Today’s networks typically include voice, video, network management, mission-critical, and routing traffic in addition to bulk user traffic. Each type of traffic has different performance (bandwidth, delay, and jitter) and security requirements.
Network design models provide a framework for integrating many different types of traffic into the network.
Over the years, several models have been used to help describe how a complex network functions. These models are useful for designing a network and for under-standing traffic flow within a more complex network.
There are three models: the traditional Hierarchical Model, the Enterprise Composite Model and the Cisco Enterprise Model.
The Enterprise Network Model is divided into three large sections:
Enterprise Campus: Switches that make up a LAN
Enterprise Edge: The portion of the enterprise network connected to the larger world
Service Provider Edge: The different public networks that are attached
The Enterprise Edge details the connections from the campus to the WAN and includes:
- Internet connectivity
- Remote access
Planning for Complex Networks
The Service Provider Edge is just a list of the public networks that facilitate wide-area connectivity and includes:
- Internet service provider (ISP)
- Public switched telephone network (PSTN)
- Frame Relay, ATM and PPP
The Campus Architecture component is basically the same as in the Composite model. It includes routing and switching integrated with technologies such as IP telephony and is designed for high availability with redundant links and devices. It integrates security features and provides QoS to ensure application performance. It is flexible enough to add advanced technologies such as VPNs, tunnels and authentication management.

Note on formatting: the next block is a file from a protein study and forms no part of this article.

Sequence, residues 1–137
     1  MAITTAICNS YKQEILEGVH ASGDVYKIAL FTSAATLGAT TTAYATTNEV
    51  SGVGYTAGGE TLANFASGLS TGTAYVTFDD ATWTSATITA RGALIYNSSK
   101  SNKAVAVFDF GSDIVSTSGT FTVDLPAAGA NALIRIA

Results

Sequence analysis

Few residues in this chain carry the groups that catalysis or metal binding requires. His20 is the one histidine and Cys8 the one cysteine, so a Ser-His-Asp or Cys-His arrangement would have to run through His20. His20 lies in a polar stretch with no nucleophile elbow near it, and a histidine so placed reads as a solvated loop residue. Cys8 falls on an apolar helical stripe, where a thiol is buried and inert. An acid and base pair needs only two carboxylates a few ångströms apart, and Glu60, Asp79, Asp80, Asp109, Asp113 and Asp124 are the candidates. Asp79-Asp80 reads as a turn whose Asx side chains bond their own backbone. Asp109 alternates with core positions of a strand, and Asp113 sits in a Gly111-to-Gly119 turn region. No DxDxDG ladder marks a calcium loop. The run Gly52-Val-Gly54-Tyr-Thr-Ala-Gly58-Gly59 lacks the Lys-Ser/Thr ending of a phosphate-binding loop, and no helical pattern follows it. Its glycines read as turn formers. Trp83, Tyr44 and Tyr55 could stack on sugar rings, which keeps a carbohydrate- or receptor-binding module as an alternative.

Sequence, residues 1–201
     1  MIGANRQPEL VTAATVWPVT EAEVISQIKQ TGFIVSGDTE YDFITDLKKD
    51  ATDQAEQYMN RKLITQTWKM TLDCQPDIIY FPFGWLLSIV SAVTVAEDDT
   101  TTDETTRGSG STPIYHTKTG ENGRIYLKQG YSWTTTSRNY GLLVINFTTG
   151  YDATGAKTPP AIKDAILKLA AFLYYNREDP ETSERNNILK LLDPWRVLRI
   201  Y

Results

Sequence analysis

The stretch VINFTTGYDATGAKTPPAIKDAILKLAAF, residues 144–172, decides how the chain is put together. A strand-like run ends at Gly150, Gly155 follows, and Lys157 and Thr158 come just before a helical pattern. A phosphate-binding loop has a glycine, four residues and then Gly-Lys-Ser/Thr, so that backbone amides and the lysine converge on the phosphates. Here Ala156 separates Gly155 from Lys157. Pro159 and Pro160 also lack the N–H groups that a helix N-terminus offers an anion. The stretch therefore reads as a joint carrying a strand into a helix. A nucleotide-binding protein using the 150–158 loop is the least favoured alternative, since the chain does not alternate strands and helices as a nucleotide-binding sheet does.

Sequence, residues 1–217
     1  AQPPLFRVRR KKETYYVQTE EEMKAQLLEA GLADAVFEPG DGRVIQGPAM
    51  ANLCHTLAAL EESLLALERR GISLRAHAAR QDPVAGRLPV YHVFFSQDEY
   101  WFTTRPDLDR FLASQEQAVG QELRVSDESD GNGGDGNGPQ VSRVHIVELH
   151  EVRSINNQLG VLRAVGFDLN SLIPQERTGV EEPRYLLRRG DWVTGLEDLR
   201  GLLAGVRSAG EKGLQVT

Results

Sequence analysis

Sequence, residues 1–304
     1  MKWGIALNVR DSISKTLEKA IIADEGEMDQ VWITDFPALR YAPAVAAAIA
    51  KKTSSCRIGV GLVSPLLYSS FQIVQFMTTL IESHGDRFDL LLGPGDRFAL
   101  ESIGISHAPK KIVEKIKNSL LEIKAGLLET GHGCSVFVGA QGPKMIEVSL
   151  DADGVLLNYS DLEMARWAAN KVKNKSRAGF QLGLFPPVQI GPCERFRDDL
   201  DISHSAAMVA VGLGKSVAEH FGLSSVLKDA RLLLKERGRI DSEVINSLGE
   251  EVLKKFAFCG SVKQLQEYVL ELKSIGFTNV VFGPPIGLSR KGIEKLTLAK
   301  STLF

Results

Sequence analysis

The Data Center component provides a centralized, scalable architecture that enables virtualization, server and application access, load balancing and user services. Redundant data centers might be used to provide backup and business continuity.
The Branch Architecture extends enterprise services to remote offices. Network monitoring and management is centralized. Branch networks include access to enterprise-level services such as converged voice and video, security, and application. Resiliency is obtained through backup local call processing, VPNs, redundant WAN links, and application content caching.
The WAN component provides data, voice and video content to enterprise users any time and any place. QoS, SLA, and encryption ensure a high-quality secure delivery of resources. It uses IPsec or MPLS VPNs over Layer 2 or Layer 3 WANs, with either a hub-and-spoke or mesh topology.
NETWORKING SOLUTIONS TOPOLOGY